OTA or not OTA that is the question...

  • After reading documentation and forum threads and done some trying I am not able to say if WiPy is (will be) able to manage full OTA for firmware update and for user program.
    I am looking for same easy to use OTA functions I found with Particle but without dependencies to internet connection.
    For OTA firmware update it seams to be not possible for now despite the fact that it was documented. I tried without success... Will it be possible one day or not ?
    For OTA user program update it should be necessary to have a hardware reset (cf. If your board is running code at boot time, you might need to boot it in safe mode.). So no really OTA facility.
    Could we have clear answers on these two points as they are main reasons to use or not Py devices.

  • @seb and @robert-hh Thank. @seb I'm waiting for your post.

  • @mdnncl01 From what I understand of your question, you want to update both your application and the firmware. So you have to consider two aspects:

    a) If your application is a Python source file or precompiled file, you can load that, store it into the file system and reboot.

    b) If your application is embedded into the firmware, or if you want to update the firmware, you have to do a firmware update, and that's what is called OTA here. The mechanism itself is implemented and works. Below in the post you see two examples. (i) The first dowloads the new image from a ftp file server and flashes it during the download. That method does not need extra file space on the device. (ii) The second assumes, that the new image is downloaded to the file system and transfers it from the file into the flash. Since the firmware image is pretty large, the internal file system of the old devices cannot handle it. Therefore, in the example a SD card is used. The new pycom devices with 8M flash have sufficient space to store that file and a SD card is not required.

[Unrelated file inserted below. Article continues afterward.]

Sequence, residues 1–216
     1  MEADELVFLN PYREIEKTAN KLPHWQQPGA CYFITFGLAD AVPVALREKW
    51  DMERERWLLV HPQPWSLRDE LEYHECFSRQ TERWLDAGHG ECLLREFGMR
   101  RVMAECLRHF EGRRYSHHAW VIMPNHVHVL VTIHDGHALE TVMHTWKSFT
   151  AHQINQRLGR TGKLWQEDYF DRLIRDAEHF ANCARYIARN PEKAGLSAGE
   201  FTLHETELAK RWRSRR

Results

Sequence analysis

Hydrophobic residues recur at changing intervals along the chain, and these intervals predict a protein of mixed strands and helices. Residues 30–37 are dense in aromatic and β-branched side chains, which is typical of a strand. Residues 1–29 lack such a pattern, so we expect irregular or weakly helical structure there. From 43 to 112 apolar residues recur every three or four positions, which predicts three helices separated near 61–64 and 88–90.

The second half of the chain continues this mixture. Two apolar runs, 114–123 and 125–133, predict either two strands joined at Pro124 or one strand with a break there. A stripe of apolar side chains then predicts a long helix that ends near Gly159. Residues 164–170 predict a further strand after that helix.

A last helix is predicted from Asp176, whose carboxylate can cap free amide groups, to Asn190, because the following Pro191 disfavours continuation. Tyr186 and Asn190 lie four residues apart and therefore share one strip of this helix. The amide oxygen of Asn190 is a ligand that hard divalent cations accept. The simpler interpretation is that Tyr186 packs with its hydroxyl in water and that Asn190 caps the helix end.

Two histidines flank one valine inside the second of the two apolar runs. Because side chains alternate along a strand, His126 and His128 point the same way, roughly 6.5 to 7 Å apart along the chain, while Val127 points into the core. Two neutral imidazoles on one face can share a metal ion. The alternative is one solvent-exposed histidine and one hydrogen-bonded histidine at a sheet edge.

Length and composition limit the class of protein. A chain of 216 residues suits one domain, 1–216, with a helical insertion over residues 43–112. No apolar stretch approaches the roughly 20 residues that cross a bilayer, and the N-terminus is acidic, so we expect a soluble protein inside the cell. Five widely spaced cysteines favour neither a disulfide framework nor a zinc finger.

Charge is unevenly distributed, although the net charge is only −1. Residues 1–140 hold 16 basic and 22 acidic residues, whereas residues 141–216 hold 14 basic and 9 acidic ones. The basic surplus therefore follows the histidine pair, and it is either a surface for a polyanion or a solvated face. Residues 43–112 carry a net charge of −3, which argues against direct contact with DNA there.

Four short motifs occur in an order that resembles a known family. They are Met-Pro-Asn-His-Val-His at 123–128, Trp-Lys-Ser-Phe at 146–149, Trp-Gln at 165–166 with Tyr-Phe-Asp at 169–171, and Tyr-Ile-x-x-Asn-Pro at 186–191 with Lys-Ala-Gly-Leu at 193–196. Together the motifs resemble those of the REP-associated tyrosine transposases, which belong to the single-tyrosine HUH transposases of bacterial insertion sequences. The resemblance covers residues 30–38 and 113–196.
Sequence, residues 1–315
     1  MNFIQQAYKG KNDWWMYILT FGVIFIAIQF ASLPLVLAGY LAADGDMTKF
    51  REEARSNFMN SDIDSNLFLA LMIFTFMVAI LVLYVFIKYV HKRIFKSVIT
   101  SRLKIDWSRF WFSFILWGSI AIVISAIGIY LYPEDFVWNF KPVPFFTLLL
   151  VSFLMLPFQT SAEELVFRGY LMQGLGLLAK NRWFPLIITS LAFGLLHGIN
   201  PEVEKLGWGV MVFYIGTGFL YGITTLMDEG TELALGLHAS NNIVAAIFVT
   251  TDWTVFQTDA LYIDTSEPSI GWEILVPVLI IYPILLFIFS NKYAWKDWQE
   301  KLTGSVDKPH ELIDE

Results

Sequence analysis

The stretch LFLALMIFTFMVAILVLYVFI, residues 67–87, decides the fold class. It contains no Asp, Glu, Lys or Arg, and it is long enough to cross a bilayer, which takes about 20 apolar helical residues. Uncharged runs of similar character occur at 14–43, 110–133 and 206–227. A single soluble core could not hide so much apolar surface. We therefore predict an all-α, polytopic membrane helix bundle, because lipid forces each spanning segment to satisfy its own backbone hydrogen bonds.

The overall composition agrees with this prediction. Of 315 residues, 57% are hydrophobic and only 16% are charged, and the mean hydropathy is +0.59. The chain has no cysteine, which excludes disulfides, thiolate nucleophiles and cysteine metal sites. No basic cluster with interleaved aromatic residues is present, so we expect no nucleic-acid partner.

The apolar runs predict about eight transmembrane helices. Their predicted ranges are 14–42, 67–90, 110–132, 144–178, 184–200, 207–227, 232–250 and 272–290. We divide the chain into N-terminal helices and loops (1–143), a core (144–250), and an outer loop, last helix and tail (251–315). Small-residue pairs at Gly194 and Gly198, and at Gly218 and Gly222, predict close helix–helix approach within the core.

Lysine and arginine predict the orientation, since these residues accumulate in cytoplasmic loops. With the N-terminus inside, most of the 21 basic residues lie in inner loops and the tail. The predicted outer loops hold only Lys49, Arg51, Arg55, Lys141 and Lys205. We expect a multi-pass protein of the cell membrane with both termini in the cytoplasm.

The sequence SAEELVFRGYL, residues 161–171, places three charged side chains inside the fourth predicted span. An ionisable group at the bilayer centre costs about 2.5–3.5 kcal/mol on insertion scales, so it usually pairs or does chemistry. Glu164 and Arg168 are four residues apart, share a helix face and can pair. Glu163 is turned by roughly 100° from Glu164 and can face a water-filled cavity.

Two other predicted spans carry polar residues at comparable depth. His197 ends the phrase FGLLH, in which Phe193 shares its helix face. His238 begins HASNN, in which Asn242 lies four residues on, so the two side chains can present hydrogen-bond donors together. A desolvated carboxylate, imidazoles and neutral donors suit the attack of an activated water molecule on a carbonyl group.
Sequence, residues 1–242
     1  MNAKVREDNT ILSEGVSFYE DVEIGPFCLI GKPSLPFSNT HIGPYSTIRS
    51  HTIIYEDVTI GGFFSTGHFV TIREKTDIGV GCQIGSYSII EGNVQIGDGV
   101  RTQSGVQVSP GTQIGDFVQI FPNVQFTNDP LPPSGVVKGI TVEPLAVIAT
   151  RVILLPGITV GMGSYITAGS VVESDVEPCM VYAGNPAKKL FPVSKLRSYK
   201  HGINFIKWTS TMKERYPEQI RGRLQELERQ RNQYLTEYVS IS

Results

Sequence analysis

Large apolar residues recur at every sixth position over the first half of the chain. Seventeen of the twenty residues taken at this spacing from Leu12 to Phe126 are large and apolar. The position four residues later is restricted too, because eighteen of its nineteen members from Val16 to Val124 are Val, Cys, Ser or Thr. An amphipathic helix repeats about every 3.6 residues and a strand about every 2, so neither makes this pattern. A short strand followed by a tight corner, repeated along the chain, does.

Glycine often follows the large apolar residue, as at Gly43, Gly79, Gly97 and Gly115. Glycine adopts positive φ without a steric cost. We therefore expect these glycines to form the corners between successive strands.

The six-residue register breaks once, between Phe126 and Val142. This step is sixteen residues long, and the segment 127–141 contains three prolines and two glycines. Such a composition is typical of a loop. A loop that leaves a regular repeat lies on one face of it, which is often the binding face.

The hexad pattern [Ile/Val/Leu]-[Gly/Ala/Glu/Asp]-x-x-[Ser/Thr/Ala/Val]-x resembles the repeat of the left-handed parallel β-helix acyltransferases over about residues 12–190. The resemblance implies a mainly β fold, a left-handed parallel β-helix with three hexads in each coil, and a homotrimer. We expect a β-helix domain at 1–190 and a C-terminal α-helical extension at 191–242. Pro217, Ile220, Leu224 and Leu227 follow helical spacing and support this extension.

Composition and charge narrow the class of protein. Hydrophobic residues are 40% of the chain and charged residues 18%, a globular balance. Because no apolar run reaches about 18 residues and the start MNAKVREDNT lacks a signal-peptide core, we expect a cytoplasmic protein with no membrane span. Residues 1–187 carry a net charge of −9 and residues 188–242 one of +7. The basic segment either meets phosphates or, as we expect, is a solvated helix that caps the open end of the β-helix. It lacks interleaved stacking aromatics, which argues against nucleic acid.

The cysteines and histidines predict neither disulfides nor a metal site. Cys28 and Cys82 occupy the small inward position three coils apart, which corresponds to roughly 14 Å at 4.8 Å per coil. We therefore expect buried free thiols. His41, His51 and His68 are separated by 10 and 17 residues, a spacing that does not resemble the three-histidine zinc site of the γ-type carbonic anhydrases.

You migth have to implement your own method of downloading the files or images from your server. The given examples just demonstrate the use of the OTA system calls.

  • The firmware allows the python code to be updated over FTP or UART at the moment and the pycom module include some functions for updating the firmware OTA (https://docs.pycom.io/chapter/firmwareapi/pycom/pycom.html). I am currently working on an example project to demonstrate updating both firmware and python code over WiFi but this will take a couple weeks at least to complete. I will post a reply here once it has been completed.

  • Hi all guys, I'm a beginner in the Pycom and Python world. With my team we decided to start experimenting with these devices (WiPy),
    but for us it is absolutely essential to update the OTA of the user application for a real use in the field. From all the discussions
    and documentation this aspect is not very clear; It would also be nice to have a possible firmware upgrade of the module; this aspect
    is also unclear. Is there currently a stable procedure to update at least the user application? I'm sorry for my english. Thanks

  • @robert-hh
    I'm also trying. Occasionally I have memory allocation problems, nothing that can't be solved with the garbage collector.
    Thanks for the tips

  • @paco88 Of course, several times. And I verified that the new image is then excuted, by embedding changing frozen bytecode.
    The example below is simplified, in that I had to insert a gc.collect() into the do_write() function, epsecially with a larger buffer size.
    I have sketched another example here, which uses a fixed preallocated buffer. And yes, I tested that variant too.

    # Firmware update by reading the image from the SD card
    from pycom import ota_start, ota_write, ota_finish
    from os import mount
    from machine import SD
    BLOCKSIZE = const(4096)
    APPIMG = "/sd/appimg.bin"
    sd = SD()
    mount(sd, '/sd')
    with open(APPIMG, "rb") as f:
        buffer = bytearray(BLOCKSIZE)
        mv = memoryview(buffer)